About the Author
The iconic British author has been called a “raunchy moralist” by the director Louis Malle and “Hollywood’s own Marcel Proust” by Vanity Fair.
With millions of her books sold in more than forty countries, and with thirty-one New York Times bestsellers to her credit, she is one of the world’s top-selling novelists.
From glamorous Beverly Hills bedrooms to Hollywood move studios; from glittering rock concerts in London to the yachts of Russian billionaires, Jackie Collins chronicled the scandalous lives of the rich, famous, and infamous from the inside looking out.
“I write about real people in disguise,” she once said. “If anything, my characters are toned down—the truth is much more bizarre!”
Her first novel, The World is Full of Married Men, was published in 1968 and established Collins as an author who dared to step where no other female writers had gone before. She followed it year after year with one successful title after another, including Chances, the first installment of a sprawling nine-book saga introducing the street-smart, sexy, and dynamic Lucky Santangelo. The eighties saw Jackie hitting her stride with the seminal blockbuster, Hollywood Wives, as well as Lucky, Hollywood Husbands, and Rock Star. In recent years she kept fans entertained with Poor Little Bitch Girl, The Power Trip, and her final novel, The Santagelos, never wavering on her commitment to take her readers on a “wild ride”!
Six of her novels have been adapted for film or TV and Universal Pictures has recently optioned the Santangelo series with a view to bringing Lucky to the big screen.
Jackie was awarded an OBE (Order of the British Empire) by the Queen of England in 2013 for her services to literature and charity. When accepting the honor she said to the Queen, “Not bad for a school drop-out”—a revelation capturing her belief that both passion and determination can lead to big dreams coming true.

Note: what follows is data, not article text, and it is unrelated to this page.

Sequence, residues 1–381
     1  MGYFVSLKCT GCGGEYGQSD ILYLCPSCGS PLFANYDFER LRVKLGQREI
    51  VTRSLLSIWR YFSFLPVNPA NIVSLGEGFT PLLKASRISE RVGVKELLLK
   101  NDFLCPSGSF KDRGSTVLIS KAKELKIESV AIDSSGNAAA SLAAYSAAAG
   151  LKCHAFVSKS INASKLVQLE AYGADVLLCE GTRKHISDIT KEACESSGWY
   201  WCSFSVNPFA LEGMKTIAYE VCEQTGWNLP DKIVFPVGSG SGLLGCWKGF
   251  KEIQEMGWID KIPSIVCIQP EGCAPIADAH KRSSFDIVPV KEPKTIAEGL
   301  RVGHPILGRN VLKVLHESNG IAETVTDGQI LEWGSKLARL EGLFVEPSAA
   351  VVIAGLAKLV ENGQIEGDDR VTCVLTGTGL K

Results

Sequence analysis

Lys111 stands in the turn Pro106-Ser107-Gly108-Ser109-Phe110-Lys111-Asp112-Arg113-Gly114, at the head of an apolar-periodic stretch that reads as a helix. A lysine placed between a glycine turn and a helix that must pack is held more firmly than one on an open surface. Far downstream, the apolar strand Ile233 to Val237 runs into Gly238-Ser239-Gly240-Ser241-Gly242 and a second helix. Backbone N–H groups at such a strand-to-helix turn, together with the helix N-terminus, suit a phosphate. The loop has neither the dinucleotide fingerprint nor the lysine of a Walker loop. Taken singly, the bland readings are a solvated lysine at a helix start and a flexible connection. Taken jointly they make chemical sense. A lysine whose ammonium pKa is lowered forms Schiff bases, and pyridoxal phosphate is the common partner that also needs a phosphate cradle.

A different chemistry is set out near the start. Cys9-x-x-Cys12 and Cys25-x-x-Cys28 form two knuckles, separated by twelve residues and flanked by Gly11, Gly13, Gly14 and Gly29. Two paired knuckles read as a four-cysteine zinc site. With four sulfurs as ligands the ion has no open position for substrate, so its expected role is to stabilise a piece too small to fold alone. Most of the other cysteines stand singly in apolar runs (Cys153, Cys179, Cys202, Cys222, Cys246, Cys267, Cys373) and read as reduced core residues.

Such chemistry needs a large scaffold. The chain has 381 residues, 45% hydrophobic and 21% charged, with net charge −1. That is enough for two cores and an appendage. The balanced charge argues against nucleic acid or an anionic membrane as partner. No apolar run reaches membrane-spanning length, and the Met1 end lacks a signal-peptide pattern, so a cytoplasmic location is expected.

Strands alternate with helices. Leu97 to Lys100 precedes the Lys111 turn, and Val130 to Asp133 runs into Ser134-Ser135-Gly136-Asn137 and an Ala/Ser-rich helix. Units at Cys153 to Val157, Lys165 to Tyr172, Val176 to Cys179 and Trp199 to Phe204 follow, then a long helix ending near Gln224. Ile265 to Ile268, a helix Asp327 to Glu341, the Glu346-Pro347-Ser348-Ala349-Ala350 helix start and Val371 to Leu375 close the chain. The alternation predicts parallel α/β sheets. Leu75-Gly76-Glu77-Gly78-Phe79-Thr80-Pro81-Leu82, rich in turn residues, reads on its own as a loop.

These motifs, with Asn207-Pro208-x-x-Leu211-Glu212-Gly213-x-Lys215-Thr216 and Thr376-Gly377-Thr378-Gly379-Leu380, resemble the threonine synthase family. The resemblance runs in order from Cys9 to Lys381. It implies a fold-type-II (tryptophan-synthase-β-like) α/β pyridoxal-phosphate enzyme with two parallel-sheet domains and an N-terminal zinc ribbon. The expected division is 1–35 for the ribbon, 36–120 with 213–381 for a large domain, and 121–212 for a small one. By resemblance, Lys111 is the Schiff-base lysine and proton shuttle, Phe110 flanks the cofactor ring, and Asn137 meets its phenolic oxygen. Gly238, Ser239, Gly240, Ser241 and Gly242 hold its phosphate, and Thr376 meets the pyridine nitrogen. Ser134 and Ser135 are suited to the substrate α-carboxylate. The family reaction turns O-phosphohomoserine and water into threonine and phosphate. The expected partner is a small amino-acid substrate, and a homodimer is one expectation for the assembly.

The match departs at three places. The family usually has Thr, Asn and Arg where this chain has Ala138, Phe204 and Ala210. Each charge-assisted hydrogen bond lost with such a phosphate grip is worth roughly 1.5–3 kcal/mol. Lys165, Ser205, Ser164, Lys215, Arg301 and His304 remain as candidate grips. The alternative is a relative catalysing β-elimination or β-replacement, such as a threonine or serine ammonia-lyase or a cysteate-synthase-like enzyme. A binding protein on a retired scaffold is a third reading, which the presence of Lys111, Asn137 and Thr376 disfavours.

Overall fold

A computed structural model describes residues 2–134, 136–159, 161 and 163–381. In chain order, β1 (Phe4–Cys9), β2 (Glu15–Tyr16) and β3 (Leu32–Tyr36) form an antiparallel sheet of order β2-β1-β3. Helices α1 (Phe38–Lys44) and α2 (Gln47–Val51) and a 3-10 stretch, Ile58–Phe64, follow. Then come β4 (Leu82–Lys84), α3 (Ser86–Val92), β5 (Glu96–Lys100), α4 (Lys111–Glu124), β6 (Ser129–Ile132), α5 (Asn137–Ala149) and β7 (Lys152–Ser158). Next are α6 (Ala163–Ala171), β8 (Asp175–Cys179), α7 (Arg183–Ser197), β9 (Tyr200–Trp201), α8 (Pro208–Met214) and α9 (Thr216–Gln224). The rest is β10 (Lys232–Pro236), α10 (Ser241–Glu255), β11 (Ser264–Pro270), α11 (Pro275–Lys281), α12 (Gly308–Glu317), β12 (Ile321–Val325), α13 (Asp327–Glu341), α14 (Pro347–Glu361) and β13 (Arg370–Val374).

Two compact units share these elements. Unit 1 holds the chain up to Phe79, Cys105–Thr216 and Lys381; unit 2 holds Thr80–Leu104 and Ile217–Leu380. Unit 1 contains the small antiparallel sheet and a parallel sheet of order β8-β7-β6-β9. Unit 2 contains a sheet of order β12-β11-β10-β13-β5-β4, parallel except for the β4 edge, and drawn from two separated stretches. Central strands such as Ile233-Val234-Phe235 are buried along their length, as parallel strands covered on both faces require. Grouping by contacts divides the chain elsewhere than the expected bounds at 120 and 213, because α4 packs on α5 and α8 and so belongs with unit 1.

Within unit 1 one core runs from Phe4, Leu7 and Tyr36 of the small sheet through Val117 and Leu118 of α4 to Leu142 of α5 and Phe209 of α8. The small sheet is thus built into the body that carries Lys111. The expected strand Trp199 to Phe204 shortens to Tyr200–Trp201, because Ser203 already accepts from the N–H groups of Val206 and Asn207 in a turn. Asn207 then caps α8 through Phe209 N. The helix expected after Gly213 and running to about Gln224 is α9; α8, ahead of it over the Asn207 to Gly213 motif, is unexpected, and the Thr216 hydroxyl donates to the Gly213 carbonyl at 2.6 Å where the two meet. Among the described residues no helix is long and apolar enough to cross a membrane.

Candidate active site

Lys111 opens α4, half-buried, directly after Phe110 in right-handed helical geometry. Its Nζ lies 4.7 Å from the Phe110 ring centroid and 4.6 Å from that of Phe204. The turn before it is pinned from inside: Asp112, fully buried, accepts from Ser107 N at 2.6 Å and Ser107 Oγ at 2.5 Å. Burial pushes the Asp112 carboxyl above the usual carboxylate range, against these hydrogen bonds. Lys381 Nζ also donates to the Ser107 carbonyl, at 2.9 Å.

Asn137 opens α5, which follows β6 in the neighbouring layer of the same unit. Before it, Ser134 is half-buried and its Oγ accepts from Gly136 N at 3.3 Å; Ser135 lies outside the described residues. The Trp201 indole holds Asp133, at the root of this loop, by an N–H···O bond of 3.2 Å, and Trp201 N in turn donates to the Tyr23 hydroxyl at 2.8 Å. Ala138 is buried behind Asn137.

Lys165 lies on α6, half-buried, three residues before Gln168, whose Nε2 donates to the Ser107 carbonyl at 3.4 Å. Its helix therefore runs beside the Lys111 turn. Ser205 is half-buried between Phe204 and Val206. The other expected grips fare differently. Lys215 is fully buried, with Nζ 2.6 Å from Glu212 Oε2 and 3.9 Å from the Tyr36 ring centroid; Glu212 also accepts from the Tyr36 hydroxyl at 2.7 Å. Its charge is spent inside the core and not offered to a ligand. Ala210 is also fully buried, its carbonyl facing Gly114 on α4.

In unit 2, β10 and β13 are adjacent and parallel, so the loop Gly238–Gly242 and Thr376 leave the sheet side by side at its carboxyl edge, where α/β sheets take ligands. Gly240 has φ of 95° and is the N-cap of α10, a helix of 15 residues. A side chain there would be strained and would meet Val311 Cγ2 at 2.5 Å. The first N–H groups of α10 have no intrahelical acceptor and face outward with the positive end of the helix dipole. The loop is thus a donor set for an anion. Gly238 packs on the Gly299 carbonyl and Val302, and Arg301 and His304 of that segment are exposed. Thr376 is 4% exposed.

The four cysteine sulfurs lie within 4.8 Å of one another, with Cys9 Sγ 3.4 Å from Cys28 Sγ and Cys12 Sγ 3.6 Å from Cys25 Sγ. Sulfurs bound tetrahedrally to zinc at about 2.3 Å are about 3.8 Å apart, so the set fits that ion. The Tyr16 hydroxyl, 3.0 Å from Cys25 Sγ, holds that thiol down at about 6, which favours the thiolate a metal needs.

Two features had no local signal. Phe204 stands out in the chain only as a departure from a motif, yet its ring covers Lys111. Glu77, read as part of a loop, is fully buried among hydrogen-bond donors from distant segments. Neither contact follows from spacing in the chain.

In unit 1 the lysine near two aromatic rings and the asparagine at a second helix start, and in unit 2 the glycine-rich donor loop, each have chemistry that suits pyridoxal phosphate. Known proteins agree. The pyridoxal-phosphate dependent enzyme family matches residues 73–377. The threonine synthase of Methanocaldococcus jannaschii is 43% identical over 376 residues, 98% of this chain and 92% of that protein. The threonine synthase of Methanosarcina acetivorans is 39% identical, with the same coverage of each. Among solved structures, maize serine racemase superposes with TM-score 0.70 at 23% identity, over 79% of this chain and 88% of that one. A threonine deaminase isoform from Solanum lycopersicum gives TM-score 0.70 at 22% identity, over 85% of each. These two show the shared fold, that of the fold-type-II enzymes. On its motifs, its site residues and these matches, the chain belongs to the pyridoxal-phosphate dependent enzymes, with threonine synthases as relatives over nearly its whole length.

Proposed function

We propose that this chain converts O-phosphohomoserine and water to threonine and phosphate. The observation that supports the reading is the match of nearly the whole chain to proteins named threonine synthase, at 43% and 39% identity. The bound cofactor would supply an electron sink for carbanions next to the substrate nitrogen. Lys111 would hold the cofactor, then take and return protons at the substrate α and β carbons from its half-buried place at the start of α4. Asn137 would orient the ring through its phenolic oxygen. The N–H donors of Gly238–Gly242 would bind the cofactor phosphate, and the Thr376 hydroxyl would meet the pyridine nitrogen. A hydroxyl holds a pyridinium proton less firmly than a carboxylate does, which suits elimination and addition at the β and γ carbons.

Jackie Collins lived in Beverly Hills where she had a front row seat to the lives she so accurately captured in her compulsive plotlines. She was a creative force, a trailblazer for women in fiction and in her own words “A kick-ass writer!”
Hometown:Los Angeles, California
Date of Birth:October 4, 1941
Place of Birth:London, England
Read an Excerpt
Madison Castelli's green eyes regarded Jake Sica with a certain guarded amusement as he entertained his brother's dinner guests with a hilarious story about a recent photo safari he'd been on in Africa. Jake had a kind of deadpan delivery that really caught her attention and attracted her to him, although she had no intention of getting involved again. Not after her last disastrous relationship -- absolutely no way.
Madison was quite beautiful, with her black hair, olive skin and lithe body, but she played her good looks down, preferring to be known for brains rather than beauty.
I'm twenty-nine, a successful writer for Manhattan Style magazine and happily single, Madison thought, continuing to check Jake out across the dinner table. So why am I even thinking about this guy? Especially as I only just met him. Plus he doesn't seem at all interested in me -- so what's my problem?
She glanced over at her best friend, Natalie, who'd brought her to the dinner. Natalie and Jimmy Sica, Jake's brother and the host of this party, worked at the same TV station. Jimmy, with his classic good looks and scintillating smile, was the news anchor, while Natalie took care of the entertainment report. Both were enjoying their one night off -- especially Natalie, who seemed to be making out okay with Luther, a huge ex-football player and old college buddy of Jimmy's.
"You're a hoot," Natalie said to Jake, shooting Madison a sideways "why don't you do something about him?" look.
Madison did not respond; she wasn't about to encourage Natalie's not so subtle matchmaking, even though she did find Jake extremely attractive.